• HSI = 8 × ALT/AST + BMI
    (+2, if female; +2, if diabetes mellitus, but not applied, as the DONALD study excludes participants with chronic disease) [24],
  • Fatty liver index (FLI):
    FLI = ex/(1 + ex) × 100
    with x = 0.953 × ln(TG) + 0.139 × BMI + 0.718 × ln(GGT) + 0.053 × waist circumference − 15.745 [25].
To estimate associations with chronic low-grade inflammation a pro-inflammatory score of established inflammation markers—assumed to be more predictive of inflammation than single markers [26]—was obtained by averaging inflammation markers, that were standardized (z) by sex (mean = 0, SD = 1) beforehand. To align anti-inflammatory adiponectin in the pro-inflammatory score it was multiplied by −1:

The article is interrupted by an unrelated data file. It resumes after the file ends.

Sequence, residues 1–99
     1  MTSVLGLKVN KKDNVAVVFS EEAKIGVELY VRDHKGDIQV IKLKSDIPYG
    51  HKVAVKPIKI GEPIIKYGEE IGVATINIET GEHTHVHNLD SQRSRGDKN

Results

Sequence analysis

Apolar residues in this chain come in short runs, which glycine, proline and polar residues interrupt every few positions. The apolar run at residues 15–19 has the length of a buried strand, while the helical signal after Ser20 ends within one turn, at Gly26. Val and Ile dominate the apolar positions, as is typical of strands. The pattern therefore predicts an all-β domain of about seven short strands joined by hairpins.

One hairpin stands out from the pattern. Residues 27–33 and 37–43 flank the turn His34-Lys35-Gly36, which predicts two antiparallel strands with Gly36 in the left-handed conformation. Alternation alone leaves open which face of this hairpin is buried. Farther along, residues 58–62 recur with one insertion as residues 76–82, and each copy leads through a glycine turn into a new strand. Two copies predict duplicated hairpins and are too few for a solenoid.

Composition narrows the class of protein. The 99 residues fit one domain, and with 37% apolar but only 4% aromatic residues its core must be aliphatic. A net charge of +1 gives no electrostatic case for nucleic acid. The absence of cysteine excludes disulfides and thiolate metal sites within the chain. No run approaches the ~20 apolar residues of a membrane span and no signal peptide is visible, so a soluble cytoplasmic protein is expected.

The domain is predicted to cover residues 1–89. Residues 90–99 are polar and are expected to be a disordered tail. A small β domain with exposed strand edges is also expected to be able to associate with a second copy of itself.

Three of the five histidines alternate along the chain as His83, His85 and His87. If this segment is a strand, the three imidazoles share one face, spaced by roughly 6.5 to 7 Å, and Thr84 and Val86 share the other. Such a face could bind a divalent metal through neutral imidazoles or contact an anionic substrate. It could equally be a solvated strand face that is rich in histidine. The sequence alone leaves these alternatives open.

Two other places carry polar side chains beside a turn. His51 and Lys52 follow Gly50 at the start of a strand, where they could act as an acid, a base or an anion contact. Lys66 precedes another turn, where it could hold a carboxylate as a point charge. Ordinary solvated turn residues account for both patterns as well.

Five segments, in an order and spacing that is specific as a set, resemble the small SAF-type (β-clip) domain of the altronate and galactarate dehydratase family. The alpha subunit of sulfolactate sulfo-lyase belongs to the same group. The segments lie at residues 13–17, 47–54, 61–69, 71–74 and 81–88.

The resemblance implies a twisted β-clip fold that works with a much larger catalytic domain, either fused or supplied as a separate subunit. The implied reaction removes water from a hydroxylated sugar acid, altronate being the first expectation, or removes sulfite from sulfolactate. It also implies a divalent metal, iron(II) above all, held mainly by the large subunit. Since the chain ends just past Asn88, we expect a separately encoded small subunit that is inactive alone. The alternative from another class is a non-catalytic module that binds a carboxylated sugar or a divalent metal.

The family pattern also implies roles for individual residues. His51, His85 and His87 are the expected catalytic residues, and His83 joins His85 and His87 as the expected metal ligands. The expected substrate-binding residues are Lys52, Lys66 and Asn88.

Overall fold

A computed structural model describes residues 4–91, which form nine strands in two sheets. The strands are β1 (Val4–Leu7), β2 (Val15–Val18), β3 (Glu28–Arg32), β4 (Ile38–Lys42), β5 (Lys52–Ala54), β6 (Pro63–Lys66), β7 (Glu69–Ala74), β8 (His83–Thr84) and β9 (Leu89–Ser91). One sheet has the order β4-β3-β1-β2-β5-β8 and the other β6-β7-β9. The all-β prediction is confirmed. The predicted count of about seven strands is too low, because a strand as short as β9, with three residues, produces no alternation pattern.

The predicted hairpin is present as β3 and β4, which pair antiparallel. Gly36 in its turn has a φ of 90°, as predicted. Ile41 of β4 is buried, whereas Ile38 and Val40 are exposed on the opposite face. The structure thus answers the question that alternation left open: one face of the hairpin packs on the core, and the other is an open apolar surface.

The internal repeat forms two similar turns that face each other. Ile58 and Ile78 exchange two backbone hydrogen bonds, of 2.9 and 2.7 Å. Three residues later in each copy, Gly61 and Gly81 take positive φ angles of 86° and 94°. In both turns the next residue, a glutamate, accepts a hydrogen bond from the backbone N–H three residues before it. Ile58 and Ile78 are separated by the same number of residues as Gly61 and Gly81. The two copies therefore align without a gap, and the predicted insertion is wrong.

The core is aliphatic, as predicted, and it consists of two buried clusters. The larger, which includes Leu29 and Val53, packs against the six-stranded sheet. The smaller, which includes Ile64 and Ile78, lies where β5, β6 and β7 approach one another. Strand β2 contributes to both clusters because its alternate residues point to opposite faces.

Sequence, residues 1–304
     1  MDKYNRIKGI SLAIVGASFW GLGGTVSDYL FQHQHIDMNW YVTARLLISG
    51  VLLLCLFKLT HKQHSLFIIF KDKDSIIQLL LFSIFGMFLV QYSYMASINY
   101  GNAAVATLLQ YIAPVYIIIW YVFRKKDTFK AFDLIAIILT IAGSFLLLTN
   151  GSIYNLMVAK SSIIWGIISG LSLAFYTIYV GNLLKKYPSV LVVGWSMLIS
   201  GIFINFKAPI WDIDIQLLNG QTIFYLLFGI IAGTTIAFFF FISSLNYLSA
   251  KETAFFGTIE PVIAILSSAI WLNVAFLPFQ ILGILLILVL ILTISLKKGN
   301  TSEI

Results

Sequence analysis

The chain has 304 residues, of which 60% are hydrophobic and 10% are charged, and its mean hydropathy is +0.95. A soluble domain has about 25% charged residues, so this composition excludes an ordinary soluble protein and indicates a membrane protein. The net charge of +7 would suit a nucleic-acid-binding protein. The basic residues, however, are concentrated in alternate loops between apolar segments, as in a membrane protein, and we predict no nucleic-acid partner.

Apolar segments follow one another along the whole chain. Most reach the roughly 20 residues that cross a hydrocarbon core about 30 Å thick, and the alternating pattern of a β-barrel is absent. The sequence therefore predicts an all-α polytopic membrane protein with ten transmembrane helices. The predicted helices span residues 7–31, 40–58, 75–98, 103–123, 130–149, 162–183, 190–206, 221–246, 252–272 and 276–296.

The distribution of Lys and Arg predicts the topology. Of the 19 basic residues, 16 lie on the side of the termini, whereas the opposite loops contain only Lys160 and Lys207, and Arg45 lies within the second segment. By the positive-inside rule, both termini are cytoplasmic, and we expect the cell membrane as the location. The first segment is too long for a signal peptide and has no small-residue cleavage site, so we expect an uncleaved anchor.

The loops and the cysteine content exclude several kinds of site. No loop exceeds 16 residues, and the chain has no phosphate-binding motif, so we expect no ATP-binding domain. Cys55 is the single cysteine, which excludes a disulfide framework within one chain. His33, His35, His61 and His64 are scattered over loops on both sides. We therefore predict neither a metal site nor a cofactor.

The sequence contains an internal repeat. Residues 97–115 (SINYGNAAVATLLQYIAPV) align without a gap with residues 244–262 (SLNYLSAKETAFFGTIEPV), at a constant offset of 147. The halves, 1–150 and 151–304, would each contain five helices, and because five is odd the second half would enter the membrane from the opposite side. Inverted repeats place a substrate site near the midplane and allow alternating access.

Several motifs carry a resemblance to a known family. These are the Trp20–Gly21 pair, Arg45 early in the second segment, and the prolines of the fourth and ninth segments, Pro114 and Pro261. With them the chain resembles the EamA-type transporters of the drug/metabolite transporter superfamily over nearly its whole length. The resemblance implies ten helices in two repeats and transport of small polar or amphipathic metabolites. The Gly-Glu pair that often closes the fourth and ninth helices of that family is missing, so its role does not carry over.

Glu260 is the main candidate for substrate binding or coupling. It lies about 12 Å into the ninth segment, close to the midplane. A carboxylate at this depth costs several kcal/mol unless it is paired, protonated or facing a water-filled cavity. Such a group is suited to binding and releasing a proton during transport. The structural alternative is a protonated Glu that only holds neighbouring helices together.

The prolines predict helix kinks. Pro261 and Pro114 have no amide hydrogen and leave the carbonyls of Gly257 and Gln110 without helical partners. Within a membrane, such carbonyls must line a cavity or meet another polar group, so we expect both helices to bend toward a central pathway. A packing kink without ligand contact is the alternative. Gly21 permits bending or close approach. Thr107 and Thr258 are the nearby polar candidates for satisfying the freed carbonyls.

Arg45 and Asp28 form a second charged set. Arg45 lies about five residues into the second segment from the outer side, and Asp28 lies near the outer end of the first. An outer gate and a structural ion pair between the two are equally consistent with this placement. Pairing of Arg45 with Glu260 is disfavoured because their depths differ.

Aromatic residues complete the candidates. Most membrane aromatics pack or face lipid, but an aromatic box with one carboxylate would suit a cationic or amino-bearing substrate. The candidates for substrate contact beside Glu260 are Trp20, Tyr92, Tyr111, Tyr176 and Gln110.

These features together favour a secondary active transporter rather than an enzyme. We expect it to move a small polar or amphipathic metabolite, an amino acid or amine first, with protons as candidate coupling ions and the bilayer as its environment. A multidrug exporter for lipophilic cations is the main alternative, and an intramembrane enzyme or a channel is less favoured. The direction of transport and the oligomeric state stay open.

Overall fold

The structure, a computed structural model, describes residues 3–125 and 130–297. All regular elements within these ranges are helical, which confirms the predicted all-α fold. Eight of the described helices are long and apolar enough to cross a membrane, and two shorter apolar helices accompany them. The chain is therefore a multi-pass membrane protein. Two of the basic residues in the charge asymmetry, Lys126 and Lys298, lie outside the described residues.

Pro-inflammatory score = (z-hsCRP + z-IL-6 + z-IL18 + z-chemerin + z-adiponectin × (−1) + z-leptin)/6.

2.4. Anthropometric Data

Anthropometric measurements are performed by trained nurses according to standard procedures, with the participants dressed only in underwear and barefoot. Standing height is measured to the nearest 0.1 cm (digital stadiometer: Harpenden Ltd., Crymych, UK) and body weight to the nearest 0.1 kg (electronic scale: model 753 E; Seca, Hamburg, Germany). Waist circumference is measured at the midpoint between the lower rib and the iliac crest to the nearest 0.1 cm. Measurements of skinfold thicknesses are taken on the right side of the body at the biceps, triceps, subscapular and suprailiac sites to the nearest 0.1 mm (Holtain caliper: Holtain Ltd., Crymych, UK).